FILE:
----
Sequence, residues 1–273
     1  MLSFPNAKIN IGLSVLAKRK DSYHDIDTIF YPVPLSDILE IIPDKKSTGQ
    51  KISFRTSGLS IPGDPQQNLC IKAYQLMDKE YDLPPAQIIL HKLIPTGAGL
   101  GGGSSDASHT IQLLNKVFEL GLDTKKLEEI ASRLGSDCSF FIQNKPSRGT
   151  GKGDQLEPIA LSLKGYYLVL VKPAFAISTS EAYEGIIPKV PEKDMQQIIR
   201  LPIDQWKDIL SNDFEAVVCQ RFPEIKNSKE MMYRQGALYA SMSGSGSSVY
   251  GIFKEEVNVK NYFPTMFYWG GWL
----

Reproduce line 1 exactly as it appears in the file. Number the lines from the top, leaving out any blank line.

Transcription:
Sequence, residues 1–273